Do what you said and 'rally the troops' tomorrow and I do sincerely hope that his care improves.

    Love Sue xxx

  • To be fair its surgical ward and doctors nurses are good BUT the dont have a clue on how to deal with dementia alzheimer patients in that setting.

    I think must be training or policy issue.

  • Yes, I know but other patients will have similar problems because the elderly fall and break legs etc. If the staff don't have the right training there should at least be a specialist nurse they can call on for advice, for their sake as well as the patients. I 'm sure they would prefer to be giving good care! S x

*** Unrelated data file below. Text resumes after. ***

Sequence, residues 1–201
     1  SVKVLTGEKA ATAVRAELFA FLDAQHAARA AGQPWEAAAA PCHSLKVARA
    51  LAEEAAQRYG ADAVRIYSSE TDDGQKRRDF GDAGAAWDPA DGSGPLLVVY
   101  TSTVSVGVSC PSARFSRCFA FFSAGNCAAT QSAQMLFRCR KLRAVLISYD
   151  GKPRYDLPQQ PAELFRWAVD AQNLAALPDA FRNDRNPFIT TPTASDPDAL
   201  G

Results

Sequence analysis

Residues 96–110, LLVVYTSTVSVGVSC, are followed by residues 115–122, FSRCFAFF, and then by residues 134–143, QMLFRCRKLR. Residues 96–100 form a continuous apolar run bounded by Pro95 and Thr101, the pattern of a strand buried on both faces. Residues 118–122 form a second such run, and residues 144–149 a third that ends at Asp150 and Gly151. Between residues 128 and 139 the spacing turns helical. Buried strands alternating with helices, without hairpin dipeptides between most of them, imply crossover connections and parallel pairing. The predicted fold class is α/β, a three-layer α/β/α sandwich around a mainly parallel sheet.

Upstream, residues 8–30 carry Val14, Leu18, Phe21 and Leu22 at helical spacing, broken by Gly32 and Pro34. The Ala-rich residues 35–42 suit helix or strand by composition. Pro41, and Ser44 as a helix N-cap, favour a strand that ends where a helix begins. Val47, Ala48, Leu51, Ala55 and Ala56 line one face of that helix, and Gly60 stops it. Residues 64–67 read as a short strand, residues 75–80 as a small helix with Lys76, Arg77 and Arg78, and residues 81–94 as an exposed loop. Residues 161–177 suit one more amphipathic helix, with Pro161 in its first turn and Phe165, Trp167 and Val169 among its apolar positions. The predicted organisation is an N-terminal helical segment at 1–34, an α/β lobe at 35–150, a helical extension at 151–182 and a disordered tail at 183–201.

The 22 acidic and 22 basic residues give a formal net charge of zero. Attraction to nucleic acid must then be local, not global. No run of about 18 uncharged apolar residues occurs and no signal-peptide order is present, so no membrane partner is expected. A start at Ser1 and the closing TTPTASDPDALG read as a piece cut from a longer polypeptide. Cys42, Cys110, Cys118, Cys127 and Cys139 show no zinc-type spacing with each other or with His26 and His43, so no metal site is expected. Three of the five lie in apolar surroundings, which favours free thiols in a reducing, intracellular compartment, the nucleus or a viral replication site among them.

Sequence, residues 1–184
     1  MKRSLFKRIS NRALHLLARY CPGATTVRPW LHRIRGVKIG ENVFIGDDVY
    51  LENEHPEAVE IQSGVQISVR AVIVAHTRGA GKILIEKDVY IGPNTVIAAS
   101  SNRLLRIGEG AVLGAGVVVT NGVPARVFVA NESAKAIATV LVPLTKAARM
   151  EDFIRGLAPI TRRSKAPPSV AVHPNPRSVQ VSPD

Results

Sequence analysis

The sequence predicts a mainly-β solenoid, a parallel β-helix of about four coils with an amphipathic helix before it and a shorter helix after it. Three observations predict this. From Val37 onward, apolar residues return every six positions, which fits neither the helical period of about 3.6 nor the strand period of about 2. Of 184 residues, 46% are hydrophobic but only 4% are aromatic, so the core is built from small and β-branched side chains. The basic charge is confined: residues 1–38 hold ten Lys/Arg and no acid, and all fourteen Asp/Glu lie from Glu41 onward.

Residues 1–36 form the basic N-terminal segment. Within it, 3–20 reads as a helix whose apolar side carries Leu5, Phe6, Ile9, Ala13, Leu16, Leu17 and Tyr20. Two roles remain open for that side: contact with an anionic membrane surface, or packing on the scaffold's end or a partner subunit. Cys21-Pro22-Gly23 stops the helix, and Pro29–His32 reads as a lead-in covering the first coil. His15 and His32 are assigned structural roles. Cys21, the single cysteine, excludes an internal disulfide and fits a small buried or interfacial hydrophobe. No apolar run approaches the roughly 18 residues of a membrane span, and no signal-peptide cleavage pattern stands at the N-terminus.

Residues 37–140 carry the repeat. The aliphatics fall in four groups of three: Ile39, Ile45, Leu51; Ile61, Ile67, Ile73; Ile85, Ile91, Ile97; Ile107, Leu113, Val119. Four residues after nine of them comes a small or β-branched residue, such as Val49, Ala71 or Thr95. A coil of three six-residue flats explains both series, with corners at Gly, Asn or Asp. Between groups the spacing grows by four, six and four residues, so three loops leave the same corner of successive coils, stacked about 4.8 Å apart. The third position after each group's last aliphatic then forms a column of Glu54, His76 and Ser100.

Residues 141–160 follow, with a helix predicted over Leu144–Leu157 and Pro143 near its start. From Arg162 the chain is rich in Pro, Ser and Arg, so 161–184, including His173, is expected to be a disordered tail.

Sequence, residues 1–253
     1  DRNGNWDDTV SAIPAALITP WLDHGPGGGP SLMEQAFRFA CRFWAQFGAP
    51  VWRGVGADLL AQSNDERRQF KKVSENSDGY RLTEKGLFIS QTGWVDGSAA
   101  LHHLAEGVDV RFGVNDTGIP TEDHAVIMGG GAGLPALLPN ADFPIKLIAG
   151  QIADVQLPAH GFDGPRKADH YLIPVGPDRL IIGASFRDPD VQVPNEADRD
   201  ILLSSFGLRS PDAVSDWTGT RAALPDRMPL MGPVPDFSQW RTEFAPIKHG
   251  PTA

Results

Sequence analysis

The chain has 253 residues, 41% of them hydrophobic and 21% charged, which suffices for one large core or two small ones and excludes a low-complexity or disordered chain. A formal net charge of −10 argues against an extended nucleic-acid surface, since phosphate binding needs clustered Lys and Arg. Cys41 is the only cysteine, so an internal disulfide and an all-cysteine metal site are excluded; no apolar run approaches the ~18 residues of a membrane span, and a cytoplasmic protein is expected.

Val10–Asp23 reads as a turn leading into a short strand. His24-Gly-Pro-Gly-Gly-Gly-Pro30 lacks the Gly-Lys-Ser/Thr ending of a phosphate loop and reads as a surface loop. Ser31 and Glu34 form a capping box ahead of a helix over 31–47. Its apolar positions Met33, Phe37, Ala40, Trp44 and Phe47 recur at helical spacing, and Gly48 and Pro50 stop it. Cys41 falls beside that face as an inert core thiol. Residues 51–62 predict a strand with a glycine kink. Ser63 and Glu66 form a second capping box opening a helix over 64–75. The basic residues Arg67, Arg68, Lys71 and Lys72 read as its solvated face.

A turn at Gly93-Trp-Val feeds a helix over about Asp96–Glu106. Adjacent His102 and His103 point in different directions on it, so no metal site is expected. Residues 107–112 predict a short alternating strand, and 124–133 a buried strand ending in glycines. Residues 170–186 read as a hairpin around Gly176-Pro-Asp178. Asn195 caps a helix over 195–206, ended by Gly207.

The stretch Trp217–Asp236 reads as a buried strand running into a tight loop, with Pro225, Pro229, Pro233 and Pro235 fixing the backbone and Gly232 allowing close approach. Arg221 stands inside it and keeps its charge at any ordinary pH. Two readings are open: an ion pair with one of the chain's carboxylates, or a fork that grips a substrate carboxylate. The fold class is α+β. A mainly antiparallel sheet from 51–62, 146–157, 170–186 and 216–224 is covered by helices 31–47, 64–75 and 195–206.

• I defo agree but all weekend its all have done is tell them.

    I would not mind but was all on care plan i shown em from social services.

    Clearly the need better training and thats why am doing post AS to assume just because your in hospital ya getting good care can be so wrong .

  • Unfortunately, yes. I do hope it gets better really soon. And I hope your dad is home soon.

    Keep us posted, and try to find a small space to look after yourself. xxx

  • Hi cheers i know will get better given my intervention and just hope my so public post improves it for those with out voice or relative to look out for em

  • I have met many patients with dementia when I have been in hospital and know the care varies but surely an orthopaedic ward where they must have many elderly patients should know better! I do hope the troops you rally do something otherwise it sounds like another Stafford. Good luck in your fight xx